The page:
What are the “Rules” for Wedding Reception Seating?
You’ve set the date, picked out your colors, ordered your flowers, and managed to talk your fiance out of reuniting his old Twisted-Sister-meets-the-Backstreet-Boys cover band from high school to play the reception. Crisis averted! Now comes the real challenge: Creating a wedding reception seating plan that works… for everybody.
Family dynamics can be — shall we say – a bit complicated. Maybe you can’t seat Aunt Nancy within dirty-look range of her ex-husband Bob and his brand-new wife, or maybe your fiance’s sisters — who haven’t spoken since 1992 — need to be seated on opposite sides of the room. Or perhaps you just want your wedding reception to run as smoothly and enjoyably as humanly possible.
Either way, a bit of planning combined with the right tools will make all the difference. For a stress-free wedding reception, consider these simple tips.
Keepin’ it Real… Formal
We know, we know, you’re a free spirit who doesn’t like rules and hates being micromanaged. But unless you want the next episode of “As the World Turns” taking place at your reception, you’re going to need a formal seating chart.
It’s really not as difficult as it sounds, either. Simply create a spreadsheet of all the yes-RSVP invitees and then organize them by relationship: bride’s friend, groom’s family, bride’s family, and so on. Highlight your more “sensitive” guests by color. For instance, if Nancy can’t sit by Bob, highlight their names in the same shade. That’ll make them stand out — so you’ll be sure to seat them far, far apart.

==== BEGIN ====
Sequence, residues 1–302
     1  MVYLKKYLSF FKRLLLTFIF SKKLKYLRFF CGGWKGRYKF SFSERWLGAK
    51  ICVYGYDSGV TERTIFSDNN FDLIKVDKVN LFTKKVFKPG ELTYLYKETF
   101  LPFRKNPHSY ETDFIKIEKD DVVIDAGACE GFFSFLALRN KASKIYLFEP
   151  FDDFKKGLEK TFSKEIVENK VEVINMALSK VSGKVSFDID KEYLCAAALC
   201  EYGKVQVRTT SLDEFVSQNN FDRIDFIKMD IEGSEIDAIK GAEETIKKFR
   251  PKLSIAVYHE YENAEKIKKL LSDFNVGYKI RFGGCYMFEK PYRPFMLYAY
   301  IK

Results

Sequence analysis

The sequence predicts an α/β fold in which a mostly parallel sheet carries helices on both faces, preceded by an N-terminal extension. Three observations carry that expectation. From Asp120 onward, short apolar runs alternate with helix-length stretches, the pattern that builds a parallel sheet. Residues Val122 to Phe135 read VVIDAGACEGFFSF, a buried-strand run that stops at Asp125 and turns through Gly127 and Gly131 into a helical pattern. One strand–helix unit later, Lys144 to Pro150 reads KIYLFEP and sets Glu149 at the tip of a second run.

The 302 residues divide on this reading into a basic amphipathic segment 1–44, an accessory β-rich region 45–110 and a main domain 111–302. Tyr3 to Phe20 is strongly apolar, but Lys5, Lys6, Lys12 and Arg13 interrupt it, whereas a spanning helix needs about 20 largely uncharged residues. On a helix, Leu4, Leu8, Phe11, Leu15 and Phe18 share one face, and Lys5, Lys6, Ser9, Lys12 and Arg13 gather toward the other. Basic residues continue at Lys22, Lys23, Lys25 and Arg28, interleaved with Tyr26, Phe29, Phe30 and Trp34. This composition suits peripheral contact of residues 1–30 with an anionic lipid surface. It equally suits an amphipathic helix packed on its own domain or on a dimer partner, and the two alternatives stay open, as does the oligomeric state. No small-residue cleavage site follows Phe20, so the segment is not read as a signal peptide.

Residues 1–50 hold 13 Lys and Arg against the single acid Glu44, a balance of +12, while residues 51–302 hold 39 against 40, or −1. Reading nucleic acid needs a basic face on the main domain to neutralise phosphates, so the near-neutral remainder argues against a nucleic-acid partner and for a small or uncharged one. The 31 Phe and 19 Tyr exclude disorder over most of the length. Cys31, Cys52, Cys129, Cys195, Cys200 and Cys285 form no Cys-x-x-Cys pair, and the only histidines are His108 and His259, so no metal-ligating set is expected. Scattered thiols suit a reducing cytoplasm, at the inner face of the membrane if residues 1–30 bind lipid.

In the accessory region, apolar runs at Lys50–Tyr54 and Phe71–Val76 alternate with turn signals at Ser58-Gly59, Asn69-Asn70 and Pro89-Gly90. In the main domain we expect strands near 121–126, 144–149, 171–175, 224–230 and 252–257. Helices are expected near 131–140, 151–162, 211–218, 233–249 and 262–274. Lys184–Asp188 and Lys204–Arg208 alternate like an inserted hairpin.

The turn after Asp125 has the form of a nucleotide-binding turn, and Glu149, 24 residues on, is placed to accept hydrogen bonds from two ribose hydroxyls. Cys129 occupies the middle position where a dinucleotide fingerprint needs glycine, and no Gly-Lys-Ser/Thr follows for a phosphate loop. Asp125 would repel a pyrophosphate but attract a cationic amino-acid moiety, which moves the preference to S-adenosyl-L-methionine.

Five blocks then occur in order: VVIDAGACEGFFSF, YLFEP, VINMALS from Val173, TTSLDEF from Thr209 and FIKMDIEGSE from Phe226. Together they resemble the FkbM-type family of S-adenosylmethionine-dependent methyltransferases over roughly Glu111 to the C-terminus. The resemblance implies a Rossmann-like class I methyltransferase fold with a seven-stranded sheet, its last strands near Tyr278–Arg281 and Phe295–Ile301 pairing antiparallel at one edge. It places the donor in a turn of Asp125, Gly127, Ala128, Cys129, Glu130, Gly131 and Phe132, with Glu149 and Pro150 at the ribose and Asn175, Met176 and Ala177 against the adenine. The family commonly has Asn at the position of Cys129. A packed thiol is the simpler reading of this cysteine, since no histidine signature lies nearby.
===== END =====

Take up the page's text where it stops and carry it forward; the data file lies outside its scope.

Draw it Out
Draw a map of the room – tables included — and assign each table a number. Use your spreadsheet to create groups of guests for each table. Mix it up by grouping those who know each other together, placing singles with other singles, and quieter guests with more gregarious invitees.
Traditionally, the bride and groom sit at the front or most central table, surrounded by their wedding party. However, if you’ve got guests who’ll feel like they’ve been banished to Siberia if they’re not at a central table, make every table more special by spreading the wedding party out across around the room.
When you have a rough outline, write each guest’s name on a post-it note. Stick the notes, organized by table, onto the room map. You’ll probably have some tweaking to do as late RSVPs trickle in, so keep your chart handy.
Now that you’ve created your seating chart, make it easy for guests – and wait staff, if you have them – to find their seats. Individual place cards add a sophisticated, personal touch at each place setting, while customized table tents feature a list of each table’s guests. Both can be customized to complement your wedding colors and theme.
Be ready for the unexpected; some guests may no-show, while others might arrive without bothering to RSVP at all. Keep some space open just in case.
Most importantly, don’t wait until the last minute to create your wedding reception seating plan. Just a bit of planning leads to a smooth, stress-free event that all will enjoy.
For more fun, simple ideas to make your wedding even more amazing, check out our Paper Direct Blog. From beautiful DIY wedding invitations to thoughtfully worded thank you cards, we’ll help make that special day unforgettable.